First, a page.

Cornbread marks the beginning of modern graffiti and street art. It is the nickname of Darryl McCray, who is regarded as the father of modern graffiti. The story goes that Cornbread fell in love with a girl called Cynthia Custuss, and so in order to win her affections he wrote Cornbread loves Cynthia all over his local area.

Blek Le Rat and Stencils

After years of modern graffiti being centred on ‘tagging’ your name across many creative places, Xavier Prou came onto the scene. As Blek Le Rat, he created art on the streets of Paris and became known as the father of stencil graffiti. Inspired by the work of early New York graffiti, Blek Le Rat set about taking his art to the public of Paris, often using themes of social consciousness. It is of popular opinion that Banksy was heavily influenced by Blek Le Rat’s work.

Banksy

Banksy transformed street art and graffiti in the 21st century. He started as a freehand graffiti artist in the 90’s within the famous underground graffiti scene in Bristol. By 2000, he had switched to stencil art, making him one of the most talked about graffiti artists in the art and wider world. His artwork is now worth a small fortune, and demand for his work is high.
Are you interested in learning more about art, or discovering Mark Mitchell‘s collection? Contact us today.

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It’s a commonly held belief that you have to be rich to own your own original artworks. It isn’t true – you can buy gorgeous original pieces of art at all price points – and an investment in an original artwork is one which could pay real dividends in the future.

Keeping Costs Down

If you’d like to own an original artwork but it feels like it’s out of your budget, take a look at some works by smaller local artists. It’s often possible to pick up works for a steal that are only likely to grow in value over the time that you own them.

You can also look for numbered prints; often cheaper than buying the original piece of art, they’re nonetheless produced in a limited, numbered run and therefore will retain their value relatively well. A print may also be easier to care for and store than, for instance, an oil painting.

Short Term Value

The biggest short-term value of a piece of art is its aesthetic value – unlike another investment which might sit in a bank account earning interest, you get to display your investment proudly for all to see.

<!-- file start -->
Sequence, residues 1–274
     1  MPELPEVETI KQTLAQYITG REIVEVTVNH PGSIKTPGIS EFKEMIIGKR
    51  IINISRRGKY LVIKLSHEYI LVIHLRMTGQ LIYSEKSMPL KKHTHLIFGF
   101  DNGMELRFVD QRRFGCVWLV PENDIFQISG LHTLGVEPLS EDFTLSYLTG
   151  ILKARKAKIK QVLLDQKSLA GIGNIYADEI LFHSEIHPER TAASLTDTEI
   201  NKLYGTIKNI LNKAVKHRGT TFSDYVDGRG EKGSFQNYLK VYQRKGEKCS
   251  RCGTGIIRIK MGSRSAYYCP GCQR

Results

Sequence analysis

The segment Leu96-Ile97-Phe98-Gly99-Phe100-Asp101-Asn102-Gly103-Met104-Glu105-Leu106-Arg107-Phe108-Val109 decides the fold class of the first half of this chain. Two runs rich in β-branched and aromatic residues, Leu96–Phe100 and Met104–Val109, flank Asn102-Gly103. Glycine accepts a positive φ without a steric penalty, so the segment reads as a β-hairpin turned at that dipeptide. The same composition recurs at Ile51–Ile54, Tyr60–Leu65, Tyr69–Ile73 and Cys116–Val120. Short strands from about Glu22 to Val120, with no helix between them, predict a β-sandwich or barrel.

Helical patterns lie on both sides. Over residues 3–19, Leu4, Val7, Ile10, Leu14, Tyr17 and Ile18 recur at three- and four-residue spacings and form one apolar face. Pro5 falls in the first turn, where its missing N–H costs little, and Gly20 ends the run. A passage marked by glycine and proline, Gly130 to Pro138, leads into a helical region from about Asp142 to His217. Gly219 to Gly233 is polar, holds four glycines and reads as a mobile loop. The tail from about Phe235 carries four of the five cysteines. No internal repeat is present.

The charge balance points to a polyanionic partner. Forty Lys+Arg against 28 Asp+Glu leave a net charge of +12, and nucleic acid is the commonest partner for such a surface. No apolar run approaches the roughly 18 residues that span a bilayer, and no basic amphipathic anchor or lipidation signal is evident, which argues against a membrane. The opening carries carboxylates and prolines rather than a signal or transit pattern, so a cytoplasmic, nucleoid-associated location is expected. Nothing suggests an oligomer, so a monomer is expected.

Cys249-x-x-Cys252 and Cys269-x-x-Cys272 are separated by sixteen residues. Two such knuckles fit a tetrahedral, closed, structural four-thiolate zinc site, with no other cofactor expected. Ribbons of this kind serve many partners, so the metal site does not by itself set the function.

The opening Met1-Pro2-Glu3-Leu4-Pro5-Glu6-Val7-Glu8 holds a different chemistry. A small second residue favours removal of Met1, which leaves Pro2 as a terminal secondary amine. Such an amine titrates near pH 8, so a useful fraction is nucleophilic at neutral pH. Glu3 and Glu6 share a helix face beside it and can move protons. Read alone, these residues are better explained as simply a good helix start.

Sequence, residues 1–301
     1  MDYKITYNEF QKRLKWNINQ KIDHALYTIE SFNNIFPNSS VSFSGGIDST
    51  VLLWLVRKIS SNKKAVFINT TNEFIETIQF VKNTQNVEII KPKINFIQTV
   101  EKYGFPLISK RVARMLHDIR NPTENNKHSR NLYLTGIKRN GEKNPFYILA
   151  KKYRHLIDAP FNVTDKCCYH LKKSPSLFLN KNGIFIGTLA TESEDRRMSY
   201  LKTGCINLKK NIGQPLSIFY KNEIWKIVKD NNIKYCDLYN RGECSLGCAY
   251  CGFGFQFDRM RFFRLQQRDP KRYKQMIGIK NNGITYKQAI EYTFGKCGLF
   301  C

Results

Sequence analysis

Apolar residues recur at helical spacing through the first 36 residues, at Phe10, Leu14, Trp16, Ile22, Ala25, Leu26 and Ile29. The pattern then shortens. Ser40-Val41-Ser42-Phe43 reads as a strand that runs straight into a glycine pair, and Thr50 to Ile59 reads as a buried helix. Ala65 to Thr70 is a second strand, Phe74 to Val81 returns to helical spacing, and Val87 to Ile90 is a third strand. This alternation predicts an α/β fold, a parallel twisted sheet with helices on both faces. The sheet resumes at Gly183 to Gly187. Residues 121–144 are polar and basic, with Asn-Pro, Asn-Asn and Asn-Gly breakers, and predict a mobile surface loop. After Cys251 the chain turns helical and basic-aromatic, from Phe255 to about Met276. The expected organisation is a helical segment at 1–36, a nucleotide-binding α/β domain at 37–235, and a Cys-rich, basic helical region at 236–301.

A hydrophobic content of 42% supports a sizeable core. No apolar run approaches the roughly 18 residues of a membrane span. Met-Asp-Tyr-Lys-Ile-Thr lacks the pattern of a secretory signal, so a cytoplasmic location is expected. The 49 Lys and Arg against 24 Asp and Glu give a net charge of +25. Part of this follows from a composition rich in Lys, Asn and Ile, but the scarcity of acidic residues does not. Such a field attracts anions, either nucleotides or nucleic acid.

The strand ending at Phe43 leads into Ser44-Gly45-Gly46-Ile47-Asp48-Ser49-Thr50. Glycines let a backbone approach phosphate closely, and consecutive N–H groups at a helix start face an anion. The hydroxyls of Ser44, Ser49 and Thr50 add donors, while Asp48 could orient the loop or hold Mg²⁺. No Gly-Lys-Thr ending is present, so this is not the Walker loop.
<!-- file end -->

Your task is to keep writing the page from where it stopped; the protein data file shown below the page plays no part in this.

There’s no other type of investment that you can enjoy being around every day without it losing value – jewellery or classic cars can be damaged by use, but a painting or artwork should be fine, hung on your wall.

Long Term Value

As long as you’ve invested wisely, your art will increase with value, and whether you choose to sell it in a decade or 50 years, you’ll often get much more for it than you paid. Of course, the aesthetic value might outweigh that, and you might decide to keep your original artwork for the rest of your life!

Buy Original Art

Are you looking for a piece of original art to hang in your home? Take a look at the beautiful pieces we have available by artists including Martin Swan, Stephen Rose and George Weissbort. If you’re interested in seeing a work in person or finding out more about what we do, don’t hesitate to get in touch.

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In art as in life, the 20th Century was one in which things moved quickly; the world of modern art exploded and art became a much greater part of the average person’s life.

We’ve taken a look at three of the 20th Century’s biggest art movements d what they were all about:

Modernism

Modernism actually began towards the end of the 19th Century, but it blossomed in the 20th. Fauvism in France and Die Brucke in Germany championed the use of non-representational colour, figurative painting and emotional expressionism, leading on from the impressionism of the 19th Century, in which the ‘impression’ of the subject was prioritised over exact realism.

Eventually, modernism broke up into many different movements, including Cubism (practised by Picasso) which introduced multiple viewpoints into a two-dimensional image.

Surrealism

Based on the psychology of Sigmund Freud, surrealism explored the hidden subtexts of dreams and the subconscious through the medium of art. It quickly became one of the most memorable art movements of the century thanks to the wacky subject matter and installations it spawned. They were instantly recognisable.

One of the biggest names in surrealism was Salvador Dali, who remains one of the last century’s most famous artists to this day.

Pop Art

Inspired by the brashness of commercial imagery and the growing consumerism of the developed world, Pop Art sprung onto the scene in the 1960s. Andy Warhol was one of the original artists involved in the Pop Art movement and became one of the first bonafide celebrity artists at the same time, as famous for his nightlife and girlfriends as he was for what he produced.

Warhol also moved the focus of art away from its production in some ways, often employing assistants to help create his works and for the first time, employing methods such as silk-screening which meant that art was easy to reproduce, and not necessarily by the original artist.

If you’re interested in purchasing original artwork for your home, contact us to find out more about the paintings and drawings that we have on offer right now.